International Olympic Committee president Jacques Rogge backed that stance Thursday, saying a shortening of the route – the most ambitious in Olympics history – to forestall more trouble "is definitely not on the agenda."
Further disruptive protests over Tibet and human rights are expected, however, before the torch reaches the safety of Chinese shores. Beijing has shown no sign of any political gestures to defuse the demonstrations; indeed it fanned tension by choosing its ambassador to Britain to carry the torch in London. The relay's intended message of harmony now appears beyond salvage.
The Beijing Olympic Organizing Committee (BOCOG) "cannot do anything" to defuse protests "because it's political," says Mao Shoulong, an analyst at Beijing's Renmin University. Worldwide calls on the Chinese government to make a political move, such as opening talks with the Dalai Lama, are going unheeded, he adds.
That leaves the relay's corporate sponsors furious but impotent. "Their worst nightmare is coming true in spades," says one PR professional familiar with the problems sponsors such as Coca Cola, Samsung, and Lenovo are facing. "They are wondering how things could have got so out of control in so many ways."
In San Francisco, the relay's latest stop, torch bearers avoided trouble Wednesday by running away from the crowds gathered to cheer or boo them, taking a shortened and unpublicized route along sometimes deserted streets.
Losing the image battle
This is not what the Chinese authorities had in mind when they mapped out the longest international Olympic torch relay ever run, an ambitious 85,000-mile, 20-nation odyssey designed to build anticipation for the Games, which open on August 8.
In Beijing, officials have expressed dismay that the torch has run into such political turmoil.
"People should respect the torch because it represents the common aspirations of all peoples," BOCOG spokeswoman Wang Hui argued this week. "It represents the Olympic spirit."
Other observers, though, say that controversy was inevitable, especially when people like the top Chinese diplomat in Britain carried the torch in London.
"For protesters, it represents the Chinese state and nothing else," he adds. "The Chinese are investing so much meaning and symbolism in the relay that people are bound to fight over it."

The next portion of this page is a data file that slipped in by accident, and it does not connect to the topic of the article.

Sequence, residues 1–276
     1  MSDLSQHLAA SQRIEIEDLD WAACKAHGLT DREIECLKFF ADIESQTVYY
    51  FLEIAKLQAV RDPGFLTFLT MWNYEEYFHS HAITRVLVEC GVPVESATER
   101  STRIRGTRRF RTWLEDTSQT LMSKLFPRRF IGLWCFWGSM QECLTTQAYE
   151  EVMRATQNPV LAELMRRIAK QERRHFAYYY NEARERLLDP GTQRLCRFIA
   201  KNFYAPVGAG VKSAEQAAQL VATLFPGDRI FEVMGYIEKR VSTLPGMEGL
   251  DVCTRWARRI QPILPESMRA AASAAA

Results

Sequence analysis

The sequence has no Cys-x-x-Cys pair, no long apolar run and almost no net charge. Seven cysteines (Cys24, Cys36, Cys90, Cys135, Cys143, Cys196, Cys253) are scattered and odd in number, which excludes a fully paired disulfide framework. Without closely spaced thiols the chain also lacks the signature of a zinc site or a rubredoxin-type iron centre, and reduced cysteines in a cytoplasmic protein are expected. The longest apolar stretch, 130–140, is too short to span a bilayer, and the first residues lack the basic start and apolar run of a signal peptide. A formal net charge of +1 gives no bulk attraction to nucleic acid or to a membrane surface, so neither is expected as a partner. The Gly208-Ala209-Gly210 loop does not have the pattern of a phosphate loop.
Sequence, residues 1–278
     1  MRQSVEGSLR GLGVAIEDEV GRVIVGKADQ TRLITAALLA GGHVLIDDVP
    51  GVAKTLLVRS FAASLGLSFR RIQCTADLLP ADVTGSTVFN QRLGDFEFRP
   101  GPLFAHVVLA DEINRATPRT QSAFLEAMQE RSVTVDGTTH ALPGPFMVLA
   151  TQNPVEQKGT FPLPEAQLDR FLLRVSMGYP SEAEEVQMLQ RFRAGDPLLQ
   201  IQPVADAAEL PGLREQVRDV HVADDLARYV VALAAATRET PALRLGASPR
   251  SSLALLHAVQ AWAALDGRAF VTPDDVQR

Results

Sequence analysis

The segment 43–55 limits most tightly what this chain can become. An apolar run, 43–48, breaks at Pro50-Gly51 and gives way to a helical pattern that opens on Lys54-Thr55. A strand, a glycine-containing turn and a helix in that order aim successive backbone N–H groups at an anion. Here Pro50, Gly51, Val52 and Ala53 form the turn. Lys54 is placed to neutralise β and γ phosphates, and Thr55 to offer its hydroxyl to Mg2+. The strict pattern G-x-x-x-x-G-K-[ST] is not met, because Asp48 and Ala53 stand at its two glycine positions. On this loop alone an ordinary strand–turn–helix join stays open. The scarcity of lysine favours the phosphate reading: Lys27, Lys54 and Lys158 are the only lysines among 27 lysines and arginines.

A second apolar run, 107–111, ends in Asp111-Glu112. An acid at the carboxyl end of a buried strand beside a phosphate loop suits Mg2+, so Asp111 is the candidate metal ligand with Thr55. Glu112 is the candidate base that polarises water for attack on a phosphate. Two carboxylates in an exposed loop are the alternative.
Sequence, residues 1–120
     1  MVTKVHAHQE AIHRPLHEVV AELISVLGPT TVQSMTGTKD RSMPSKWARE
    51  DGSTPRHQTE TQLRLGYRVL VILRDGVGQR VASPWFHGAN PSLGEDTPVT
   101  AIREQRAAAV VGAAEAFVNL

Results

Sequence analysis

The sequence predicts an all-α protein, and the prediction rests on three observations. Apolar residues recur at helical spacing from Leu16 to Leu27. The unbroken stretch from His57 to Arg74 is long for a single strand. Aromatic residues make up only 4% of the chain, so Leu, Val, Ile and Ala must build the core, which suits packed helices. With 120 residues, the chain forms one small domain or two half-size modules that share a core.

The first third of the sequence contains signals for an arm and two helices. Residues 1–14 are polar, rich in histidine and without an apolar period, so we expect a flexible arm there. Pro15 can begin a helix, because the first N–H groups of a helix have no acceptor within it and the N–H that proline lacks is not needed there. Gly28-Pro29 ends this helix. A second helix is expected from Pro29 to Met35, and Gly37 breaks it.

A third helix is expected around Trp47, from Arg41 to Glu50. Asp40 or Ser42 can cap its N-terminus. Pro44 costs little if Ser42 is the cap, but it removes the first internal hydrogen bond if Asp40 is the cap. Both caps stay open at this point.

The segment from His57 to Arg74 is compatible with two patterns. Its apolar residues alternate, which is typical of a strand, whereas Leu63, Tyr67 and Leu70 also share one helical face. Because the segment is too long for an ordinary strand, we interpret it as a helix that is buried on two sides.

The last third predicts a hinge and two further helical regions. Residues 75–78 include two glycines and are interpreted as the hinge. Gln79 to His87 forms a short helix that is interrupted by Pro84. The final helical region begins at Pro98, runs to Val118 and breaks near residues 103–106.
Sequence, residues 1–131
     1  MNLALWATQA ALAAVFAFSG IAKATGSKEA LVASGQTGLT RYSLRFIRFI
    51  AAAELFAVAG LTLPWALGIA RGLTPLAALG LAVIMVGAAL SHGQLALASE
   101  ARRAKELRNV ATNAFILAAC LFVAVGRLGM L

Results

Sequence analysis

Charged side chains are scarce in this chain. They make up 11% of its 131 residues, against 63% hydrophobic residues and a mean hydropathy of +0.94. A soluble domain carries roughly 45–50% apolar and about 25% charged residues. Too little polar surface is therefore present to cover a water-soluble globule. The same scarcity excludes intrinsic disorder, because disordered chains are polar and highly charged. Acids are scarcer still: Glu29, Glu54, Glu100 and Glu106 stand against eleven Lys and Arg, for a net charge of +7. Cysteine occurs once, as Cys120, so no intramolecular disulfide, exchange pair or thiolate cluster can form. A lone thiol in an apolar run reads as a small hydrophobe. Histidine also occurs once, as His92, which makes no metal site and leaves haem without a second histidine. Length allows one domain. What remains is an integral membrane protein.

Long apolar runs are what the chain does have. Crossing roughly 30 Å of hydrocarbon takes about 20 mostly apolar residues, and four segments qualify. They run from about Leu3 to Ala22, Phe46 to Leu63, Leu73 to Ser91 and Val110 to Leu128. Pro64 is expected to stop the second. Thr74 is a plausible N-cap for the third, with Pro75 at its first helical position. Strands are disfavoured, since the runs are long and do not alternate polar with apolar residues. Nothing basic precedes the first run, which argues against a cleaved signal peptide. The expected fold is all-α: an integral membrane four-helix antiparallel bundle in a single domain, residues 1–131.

For the time being, the protesters appear to have won the image battle. "Right now, the torch is being seen as a symbol of oppression," says the PR executive, who asked not to be identified because of the sensitivity of the issue. "Changing that would be a challenge I would not want to take on."
Calls for 'moral engagement'
World leaders such as US President George Bush and British Prime Minister Gordon Brown have urged Beijing to help clear the air before the Olympics by talking with Tibetan spiritual and temporal leader the Dalai Lama in the wake of the most serious unrest in Tibet in decades.
Though such a move might undercut many of the protesters who have dogged the torch route in Europe and the United States, "I do not see the Chinese government ready to talk to the Dalai Lama now," says Professor Mao. "It is not a good time. Things are too hot."
Neither have government officials shown signs of readiness to take other steps that might answer foreign critics' complaints, such as releasing political prisoners, or providing helicopters to the United Nations peacekeeping force in Darfur, where Western activists have accused Beijing of complicity in genocide through its support for the Sudanese government.
Mr. Rogge called on the Chinese government to respect what he called its "moral engagement" to improve human rights before the Olympics, but stressed that Beijing had made "no contractual promise whatsoever" to do so.
"Releasing hundreds of prisoners would certainly improve China's image overseas," says one Western diplomat. "But since they are continuing to lock people up" on political charges, "it does not seem as if they are preparing to make that sort of gesture."